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Post: Brett Arends’s ROI: This giant pension scandal is hiding in plain sight

Hard working Americans, many on low wages, are losing pension dollars they earned. It affects millions. And it’s legal.

In a nutshell: Some of America’s biggest companies run their shop floors so that low-paid front-line staff “churn,” or leave, within a couple of years. This includes retailers, internet companies, leisure and hospitality companies and others. Some do it deliberately. Others do it by default, by treating such workers as disposable.

Watch: Starbucks workers speak with Bernie Sanders about working conditions

Meanwhile many of those same companies also structure their 401(k) plans so that workers don’t actually get to keep the company’s contributions unless they stay at the company for more than three years.

This practice is the focus of a blistering report by Samantha Prince, associate professor of law at Penn State Dickinson Law.

Dickinson singles out Amazon

as an example. The company has high turnover. Founder and former CEO Jeff Bezos, the world’s second richest man, famously embraced high turnover to avoid a “march to mediocrity.” A PayScale survey found the median employee left after only a year. Yet Amazon runs a 401(k) plan where company contributions don’t “vest,” or become the employee’s, until the employee has stayed at the company for at least three years.

Amazon is America’s second biggest private sector employer, with nearly 1 million workers. It is currently advertising the quality of its benefits on TV and YouTube. 

Amazon, contacted by MarketWatch, said that the company contributed 50 cents to an employee’s 401(k) for every dollar that the employee contributes, up to 4% of the employee’s earnings. But the company admitted that employees didn’t get to keep those matching dollars unless they stayed for at least three years (though, Amazon added, if the employee left within three years, but then came back within another five years, the vesting schedule would resume as if they hadn’t left). The company declined to say how many employees stayed at least three years, but said the number was rising.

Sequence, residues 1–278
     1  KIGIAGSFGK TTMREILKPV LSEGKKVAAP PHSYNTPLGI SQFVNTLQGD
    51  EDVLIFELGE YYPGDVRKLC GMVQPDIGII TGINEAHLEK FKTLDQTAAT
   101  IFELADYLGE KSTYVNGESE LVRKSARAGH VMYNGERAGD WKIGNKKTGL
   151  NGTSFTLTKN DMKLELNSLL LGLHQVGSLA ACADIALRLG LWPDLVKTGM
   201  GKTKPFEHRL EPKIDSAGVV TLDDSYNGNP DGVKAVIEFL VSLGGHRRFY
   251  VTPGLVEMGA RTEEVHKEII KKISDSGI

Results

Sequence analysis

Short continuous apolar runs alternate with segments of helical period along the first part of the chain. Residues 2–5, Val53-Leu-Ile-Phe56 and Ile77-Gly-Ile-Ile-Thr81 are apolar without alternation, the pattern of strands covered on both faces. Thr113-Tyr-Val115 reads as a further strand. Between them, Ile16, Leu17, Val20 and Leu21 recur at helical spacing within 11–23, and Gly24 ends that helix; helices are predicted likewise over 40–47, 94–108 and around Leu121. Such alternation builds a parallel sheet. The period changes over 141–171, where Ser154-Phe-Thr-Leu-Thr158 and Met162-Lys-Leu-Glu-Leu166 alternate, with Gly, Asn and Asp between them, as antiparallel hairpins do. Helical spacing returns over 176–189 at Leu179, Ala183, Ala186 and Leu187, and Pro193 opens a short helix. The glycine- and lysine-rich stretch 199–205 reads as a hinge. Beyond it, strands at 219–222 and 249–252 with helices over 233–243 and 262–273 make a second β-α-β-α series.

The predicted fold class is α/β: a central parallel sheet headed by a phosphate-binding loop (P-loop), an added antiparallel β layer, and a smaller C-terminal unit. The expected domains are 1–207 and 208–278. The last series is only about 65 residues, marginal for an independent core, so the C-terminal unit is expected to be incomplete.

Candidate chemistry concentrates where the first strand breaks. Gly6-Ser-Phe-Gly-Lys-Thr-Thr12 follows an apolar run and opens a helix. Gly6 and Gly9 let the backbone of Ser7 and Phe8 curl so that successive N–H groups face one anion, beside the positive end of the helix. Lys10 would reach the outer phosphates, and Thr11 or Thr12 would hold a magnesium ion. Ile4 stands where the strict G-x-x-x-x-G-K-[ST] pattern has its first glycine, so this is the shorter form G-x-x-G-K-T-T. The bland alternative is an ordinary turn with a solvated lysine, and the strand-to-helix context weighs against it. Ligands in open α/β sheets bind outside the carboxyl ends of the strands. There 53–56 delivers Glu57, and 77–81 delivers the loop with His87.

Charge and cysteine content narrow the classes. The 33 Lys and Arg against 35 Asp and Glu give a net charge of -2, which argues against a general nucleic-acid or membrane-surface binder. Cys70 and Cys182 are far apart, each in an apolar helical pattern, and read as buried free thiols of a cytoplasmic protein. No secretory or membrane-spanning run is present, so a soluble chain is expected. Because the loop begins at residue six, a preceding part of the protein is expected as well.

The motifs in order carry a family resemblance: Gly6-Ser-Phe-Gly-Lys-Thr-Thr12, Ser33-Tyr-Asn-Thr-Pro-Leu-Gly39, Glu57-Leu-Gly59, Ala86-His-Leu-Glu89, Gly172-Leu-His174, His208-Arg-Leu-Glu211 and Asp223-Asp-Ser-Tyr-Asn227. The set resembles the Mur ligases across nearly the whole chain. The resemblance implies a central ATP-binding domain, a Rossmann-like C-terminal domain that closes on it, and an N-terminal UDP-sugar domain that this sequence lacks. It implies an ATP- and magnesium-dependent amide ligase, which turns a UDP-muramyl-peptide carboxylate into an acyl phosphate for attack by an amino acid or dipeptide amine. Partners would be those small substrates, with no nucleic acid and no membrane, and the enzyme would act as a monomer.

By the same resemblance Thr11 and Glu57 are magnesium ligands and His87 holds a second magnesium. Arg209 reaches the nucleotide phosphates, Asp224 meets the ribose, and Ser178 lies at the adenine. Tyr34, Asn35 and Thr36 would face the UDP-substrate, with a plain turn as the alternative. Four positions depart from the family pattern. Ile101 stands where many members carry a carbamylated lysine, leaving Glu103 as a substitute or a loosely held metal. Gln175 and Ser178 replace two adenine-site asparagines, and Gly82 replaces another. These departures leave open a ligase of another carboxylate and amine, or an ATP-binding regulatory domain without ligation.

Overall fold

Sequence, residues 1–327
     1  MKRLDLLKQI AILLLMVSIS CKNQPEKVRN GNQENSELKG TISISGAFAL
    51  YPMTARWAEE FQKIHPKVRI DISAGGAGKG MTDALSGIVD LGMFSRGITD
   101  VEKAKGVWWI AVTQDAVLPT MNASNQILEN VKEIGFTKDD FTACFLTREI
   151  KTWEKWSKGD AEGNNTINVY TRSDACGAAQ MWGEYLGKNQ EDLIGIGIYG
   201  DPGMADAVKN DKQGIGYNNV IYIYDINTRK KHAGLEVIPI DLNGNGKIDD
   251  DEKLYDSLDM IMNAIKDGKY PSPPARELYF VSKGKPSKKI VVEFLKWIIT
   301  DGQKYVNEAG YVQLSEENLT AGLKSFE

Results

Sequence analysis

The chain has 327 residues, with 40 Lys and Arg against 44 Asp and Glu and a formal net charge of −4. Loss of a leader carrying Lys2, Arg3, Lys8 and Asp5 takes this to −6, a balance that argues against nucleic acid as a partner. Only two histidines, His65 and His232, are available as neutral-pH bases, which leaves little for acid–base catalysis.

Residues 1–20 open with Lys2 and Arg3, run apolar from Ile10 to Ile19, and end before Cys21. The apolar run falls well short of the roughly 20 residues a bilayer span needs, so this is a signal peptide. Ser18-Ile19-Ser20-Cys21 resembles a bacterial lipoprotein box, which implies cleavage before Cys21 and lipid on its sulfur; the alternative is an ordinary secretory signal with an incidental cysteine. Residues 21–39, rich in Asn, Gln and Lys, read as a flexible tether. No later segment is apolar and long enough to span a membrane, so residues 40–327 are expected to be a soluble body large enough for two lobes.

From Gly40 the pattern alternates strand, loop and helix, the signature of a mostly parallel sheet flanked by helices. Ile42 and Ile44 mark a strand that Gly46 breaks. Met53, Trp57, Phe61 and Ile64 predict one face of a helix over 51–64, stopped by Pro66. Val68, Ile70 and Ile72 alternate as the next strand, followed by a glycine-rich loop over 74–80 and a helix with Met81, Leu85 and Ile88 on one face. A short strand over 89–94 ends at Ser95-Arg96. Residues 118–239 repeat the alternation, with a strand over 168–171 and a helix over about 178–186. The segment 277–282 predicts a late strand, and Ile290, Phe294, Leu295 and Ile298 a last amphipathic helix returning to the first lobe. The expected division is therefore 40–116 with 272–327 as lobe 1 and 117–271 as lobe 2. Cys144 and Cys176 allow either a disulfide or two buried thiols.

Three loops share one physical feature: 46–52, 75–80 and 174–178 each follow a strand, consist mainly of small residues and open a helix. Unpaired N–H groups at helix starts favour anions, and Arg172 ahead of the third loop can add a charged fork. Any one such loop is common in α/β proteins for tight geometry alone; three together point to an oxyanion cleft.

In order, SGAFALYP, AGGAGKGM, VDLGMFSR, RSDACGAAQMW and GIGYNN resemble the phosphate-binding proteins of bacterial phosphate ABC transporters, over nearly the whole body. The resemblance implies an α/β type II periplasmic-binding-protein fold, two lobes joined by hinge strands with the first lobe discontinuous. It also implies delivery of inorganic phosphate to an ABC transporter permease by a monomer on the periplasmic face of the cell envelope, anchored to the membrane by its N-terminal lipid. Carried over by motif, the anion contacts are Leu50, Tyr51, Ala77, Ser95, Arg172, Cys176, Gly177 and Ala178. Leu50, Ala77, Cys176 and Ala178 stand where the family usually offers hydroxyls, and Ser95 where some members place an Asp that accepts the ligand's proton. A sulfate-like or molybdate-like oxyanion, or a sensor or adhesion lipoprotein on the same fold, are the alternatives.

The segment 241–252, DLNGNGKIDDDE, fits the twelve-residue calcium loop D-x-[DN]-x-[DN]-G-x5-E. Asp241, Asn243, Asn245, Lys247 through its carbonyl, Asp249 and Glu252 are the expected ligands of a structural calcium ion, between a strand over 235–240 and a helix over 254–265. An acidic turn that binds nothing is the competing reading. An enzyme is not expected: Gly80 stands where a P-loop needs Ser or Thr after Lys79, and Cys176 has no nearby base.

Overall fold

Bezos, who founded the company nearly 30 years ago, has a net worth of around $180 billion, although he took a hit recently when the stock fell on disappointing earnings.

Prince cited Home Depot

as another company running a similar system. Home Depot confirmed that employees don’t get to keep the company’s 401(k) contributions unless they stay at the company for more than three years. The company declined to say how many did so.

Both companies emphasized other benefits and perks they provide for workers. (And, though they didn’t mention this, it should be added that America now has the best job market in decades, and wages are rising across the board.)

These companies are not alone. The Plan Sponsor Council of America, an organization that represents retirement plan sponsors, tells me that less than half of all 401(k) plans in America offer immediate, full vesting of employer contributions. Furthermore it’s the biggest companies that are most likely to hold back the money. Among employers with more than 5,000 employees, their data show, 23% of those that give a company match use a three-year vesting schedule. Among small employers with fewer than 100 employees, the figure is less than 10%. Among those that give non-matching contributions, 47% hold back the money for three years before it vests.

This pension scandal isn’t ambiguous, and in this fractious age it’s one topic that could unite people across the political divide. Hard working people, the working poor, are being stripped of dollars they reasonably assumed they had earned.